Race, gangs divide chief, sheriff
Los Angeles’ two top lawmen are increasingly at odds over the extent to which gang violence is being fueled by racial hatred.
Police Chief William J. Bratton and his top deputies have long cautioned that race-motivated violence remains fairly rare and that gang feuds over turf and drugs are the leading cause of such violence.
But over the last few months, Sheriff Lee Baca has publicly voiced a more ominous view of violence between Latino and black gangs. This week, he went further than ever, saying in a Los Angeles Times opinion piece that “some of L.A.'s so-called gangs are really no more than loose-knit bands of blacks or Latinos roaming the streets looking for people of the other color to shoot.”
Baca’s comments have prompted debate in law enforcement circles -- with some Los Angeles Police Department officials questioning some of his assertions.
“The sheriff is saying we need to examine this issue in the light of day to keep it from spreading because we won’t be able to address or reverse it, if we deny it,” said civil rights attorney Connie Rice. “Chief Bratton is saying something equally valid, which is if you overemphasize race, you may be pouring jet fuel on the fire.”
Baca, in an interview Thursday, said he was speaking out because he considers racial animus among various gangs a serious problem that is not being discussed enough. He acknowledged that the Sheriff’s Department doesn’t have statistics showing a major rise in race-related violence but believes it is a growing problem. Baca this week announced that his department would create a Gang Emergency Operations Center to better deal with such violence.
“We need to talk about this in a more public way,” Baca said, adding he had heard about the tension from community activists, beat cops, gang intervention officers and deputies who guard the county’s jails. “It’s a small percentage but a significant percentage.”
But LAPD Deputy Chief Charlie Beck said he disagreed with Baca’s conclusions about race and gang violence.
Beck, who heads the department’s anti-gang efforts and homicide detectives, said race is a major factor in the violence in county and state prisons, and is a problem on school campuses. But, he said, Baca was wrong to say that those factors are at play with gangs on the streets.
“His reality is largely formed by what is happening in the jails,” Beck said. “But I think you have to look at violence on several different levels. . . . In the world of serious gang crime in the city -- which accounts for the vast majority of gang activity in the county -- race is not the primary factor. Are there isolated instances? Yes. But are gang members commonly going around to kill and harm people because they are another race? Absolutely not.”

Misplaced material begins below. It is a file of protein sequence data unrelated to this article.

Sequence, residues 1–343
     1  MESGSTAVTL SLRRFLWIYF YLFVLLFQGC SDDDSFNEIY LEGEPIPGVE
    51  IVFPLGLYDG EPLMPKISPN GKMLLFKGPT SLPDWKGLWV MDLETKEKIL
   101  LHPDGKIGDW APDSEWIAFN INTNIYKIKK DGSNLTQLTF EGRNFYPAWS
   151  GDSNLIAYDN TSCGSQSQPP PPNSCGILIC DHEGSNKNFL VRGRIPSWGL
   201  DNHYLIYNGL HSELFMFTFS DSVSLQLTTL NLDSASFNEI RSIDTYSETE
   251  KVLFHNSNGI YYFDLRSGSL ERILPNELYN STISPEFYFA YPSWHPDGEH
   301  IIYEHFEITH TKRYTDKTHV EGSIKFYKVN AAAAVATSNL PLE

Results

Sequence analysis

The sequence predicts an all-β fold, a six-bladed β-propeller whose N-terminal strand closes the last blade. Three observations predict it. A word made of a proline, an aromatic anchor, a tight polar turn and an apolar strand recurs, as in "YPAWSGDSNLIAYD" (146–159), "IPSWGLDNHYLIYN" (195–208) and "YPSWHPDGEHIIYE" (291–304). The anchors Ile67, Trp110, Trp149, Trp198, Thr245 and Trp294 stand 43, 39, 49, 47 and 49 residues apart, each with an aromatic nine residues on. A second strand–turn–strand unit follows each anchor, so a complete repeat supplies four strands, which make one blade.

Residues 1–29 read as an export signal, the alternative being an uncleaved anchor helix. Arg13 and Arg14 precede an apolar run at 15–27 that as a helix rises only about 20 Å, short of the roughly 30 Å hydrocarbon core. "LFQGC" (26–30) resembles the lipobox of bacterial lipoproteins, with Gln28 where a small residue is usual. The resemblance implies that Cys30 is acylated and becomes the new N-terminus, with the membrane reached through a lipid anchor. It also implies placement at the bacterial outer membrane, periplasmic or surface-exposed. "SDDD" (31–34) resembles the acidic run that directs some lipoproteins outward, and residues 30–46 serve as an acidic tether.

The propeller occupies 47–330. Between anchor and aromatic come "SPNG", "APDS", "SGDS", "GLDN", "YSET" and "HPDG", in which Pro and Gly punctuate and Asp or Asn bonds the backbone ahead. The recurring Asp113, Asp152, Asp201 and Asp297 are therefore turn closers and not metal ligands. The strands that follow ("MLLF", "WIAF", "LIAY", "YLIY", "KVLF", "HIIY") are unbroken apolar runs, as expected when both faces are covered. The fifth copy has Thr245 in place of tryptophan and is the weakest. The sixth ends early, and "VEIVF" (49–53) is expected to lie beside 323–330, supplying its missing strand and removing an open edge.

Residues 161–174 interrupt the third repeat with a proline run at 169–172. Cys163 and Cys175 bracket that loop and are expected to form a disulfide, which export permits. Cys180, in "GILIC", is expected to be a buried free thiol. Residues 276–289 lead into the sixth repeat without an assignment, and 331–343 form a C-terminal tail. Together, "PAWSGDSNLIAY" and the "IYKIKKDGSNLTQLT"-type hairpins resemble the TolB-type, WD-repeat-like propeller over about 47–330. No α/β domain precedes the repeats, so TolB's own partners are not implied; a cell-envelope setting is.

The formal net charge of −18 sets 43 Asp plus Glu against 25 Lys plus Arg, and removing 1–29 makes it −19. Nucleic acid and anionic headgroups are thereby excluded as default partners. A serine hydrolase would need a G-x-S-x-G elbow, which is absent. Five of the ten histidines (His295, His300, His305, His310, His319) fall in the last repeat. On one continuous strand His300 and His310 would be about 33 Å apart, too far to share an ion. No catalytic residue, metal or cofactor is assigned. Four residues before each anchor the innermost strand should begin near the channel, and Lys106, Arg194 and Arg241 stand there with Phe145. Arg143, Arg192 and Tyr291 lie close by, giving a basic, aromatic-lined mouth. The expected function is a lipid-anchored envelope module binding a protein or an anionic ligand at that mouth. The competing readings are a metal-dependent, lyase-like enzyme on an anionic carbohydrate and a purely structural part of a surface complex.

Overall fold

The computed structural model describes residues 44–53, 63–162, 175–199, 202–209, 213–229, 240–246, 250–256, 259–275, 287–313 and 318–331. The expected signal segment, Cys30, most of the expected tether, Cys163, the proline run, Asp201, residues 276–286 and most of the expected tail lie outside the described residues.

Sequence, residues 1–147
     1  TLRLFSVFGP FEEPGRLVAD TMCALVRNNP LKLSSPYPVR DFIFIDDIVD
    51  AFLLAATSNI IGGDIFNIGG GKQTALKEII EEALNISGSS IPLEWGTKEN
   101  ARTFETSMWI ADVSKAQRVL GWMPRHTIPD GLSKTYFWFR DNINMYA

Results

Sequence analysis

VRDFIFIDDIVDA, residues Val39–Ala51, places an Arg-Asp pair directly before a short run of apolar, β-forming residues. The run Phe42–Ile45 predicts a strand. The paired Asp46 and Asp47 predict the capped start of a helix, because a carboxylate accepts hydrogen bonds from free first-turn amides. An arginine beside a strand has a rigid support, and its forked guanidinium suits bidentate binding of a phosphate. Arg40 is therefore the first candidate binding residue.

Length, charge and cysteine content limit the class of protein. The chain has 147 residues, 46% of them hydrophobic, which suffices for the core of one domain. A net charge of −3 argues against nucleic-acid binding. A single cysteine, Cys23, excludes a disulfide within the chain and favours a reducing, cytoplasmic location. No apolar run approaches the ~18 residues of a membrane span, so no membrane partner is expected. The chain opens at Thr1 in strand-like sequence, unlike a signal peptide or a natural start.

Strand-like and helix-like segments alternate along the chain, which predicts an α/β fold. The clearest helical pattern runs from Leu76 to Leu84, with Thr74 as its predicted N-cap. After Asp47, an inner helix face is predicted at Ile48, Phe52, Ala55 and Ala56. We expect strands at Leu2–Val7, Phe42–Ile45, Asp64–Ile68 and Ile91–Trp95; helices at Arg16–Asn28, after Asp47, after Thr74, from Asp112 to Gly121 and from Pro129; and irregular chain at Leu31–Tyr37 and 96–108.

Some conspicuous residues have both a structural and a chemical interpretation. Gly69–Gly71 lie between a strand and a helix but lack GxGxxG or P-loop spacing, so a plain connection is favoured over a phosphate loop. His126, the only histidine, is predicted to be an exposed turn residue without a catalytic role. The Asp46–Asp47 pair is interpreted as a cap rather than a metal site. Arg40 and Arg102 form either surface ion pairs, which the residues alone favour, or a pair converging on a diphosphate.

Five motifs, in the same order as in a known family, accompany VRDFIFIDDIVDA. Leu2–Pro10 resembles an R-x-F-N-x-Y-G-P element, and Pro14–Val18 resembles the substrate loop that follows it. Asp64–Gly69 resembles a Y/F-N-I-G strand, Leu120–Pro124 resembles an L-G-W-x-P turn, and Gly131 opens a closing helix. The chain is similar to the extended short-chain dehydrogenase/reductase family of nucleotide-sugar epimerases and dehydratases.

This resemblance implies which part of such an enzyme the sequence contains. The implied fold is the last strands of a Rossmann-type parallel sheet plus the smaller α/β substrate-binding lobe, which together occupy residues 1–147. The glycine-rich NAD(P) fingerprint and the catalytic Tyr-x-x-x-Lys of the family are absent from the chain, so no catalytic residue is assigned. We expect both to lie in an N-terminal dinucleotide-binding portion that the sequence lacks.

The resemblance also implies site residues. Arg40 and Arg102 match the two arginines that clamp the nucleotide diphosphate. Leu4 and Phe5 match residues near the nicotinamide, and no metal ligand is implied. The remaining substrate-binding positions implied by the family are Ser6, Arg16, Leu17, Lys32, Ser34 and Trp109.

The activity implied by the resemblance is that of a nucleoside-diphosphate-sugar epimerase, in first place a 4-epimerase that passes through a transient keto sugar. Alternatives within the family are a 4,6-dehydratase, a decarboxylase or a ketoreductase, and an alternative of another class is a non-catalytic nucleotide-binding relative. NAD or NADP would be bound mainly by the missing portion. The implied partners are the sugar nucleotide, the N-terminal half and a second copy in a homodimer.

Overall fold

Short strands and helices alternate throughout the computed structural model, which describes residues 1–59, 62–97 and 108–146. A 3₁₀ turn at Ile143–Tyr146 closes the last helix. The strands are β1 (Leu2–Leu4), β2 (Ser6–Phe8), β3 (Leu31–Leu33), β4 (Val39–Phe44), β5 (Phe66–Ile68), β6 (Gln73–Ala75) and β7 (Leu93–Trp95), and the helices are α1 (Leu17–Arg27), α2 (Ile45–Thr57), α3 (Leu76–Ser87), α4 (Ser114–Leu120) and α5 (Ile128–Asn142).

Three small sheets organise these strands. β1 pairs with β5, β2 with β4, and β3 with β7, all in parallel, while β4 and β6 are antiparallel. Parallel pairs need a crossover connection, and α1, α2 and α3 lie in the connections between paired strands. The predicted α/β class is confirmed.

A Times examination of slayings in 2007 largely backed Bratton’s assertion about the racial factor in gang killings. The Times analyzed the circumstances of 562 Latino and black homicides from 2007 in which the race of the suspects was known, including all LAPD and sheriff’s cases, plus those of smaller police agencies such as Long Beach and Inglewood. The analysis found that nearly 90% of both black and Latino homicide victims had been killed by suspects of their own race.
The issue has been particularly sensitive for Bratton and his command staff in recent months.
Faced with a serious rise in the homicide rate in the early part of the year and several high-profile killings, Bratton, Beck and others battled media reports and public perception that the violence was racially motivated. In one instance, Bratton angrily confronted a television news reporter who challenged the chief’s stance on the issue. Bratton’s assertion that the high number of killings was an anomaly has been largely borne out as the homicide rate has fallen significantly in recent months.
“It’s important that people be well informed when they are forming their opinions about crime in the city,” Beck said. “What we don’t want to happen is for them to draw conclusions that then become the reality.”
Baca said there is a strong perception in the community about growing racial tensions that must be addressed.
“The question is not how often, but why this has happened,” he said. “We don’t need piles of bodies to make the point that this is happening.”
Baca, who oversees the Los Angeles County jails, said he has been dealing for years with violence -- including several major riots -- involving black and Latino gang members.
Indeed, some activists concerned about brown-on-black violence have cited several high-profile incidents that have sparked widespread fear.
Federal prosecutors last year charged members of a Latino gang with conducting a violent campaign to drive blacks out of the unincorporated Florence-Firestone neighborhood, which allegedly resulted in 20 homicides over several years. In the Harbor Gateway area of Los Angeles, police launched a crackdown last year on another Latino gang accused of targeting blacks, including 14-year-old Cheryl Green, whose death became a rallying point.
Rice said that although Baca and Bratton are looking at black-Latino violence through a different set of lenses, they are both correct in how they view the problem.
The sheriff is looking at high-profile but scattered cases of violence in which race was a motive and is saying “something must be done to address it immediately,” Rice said. But Bratton doesn’t want police to create a self-fulfilling prophecy by stoking fears of racially motivated violence, she said.
In essence, Bratton and Baca are warning about two dangers of the same issue, one of overplaying it, and the other of underplaying it, Rice said.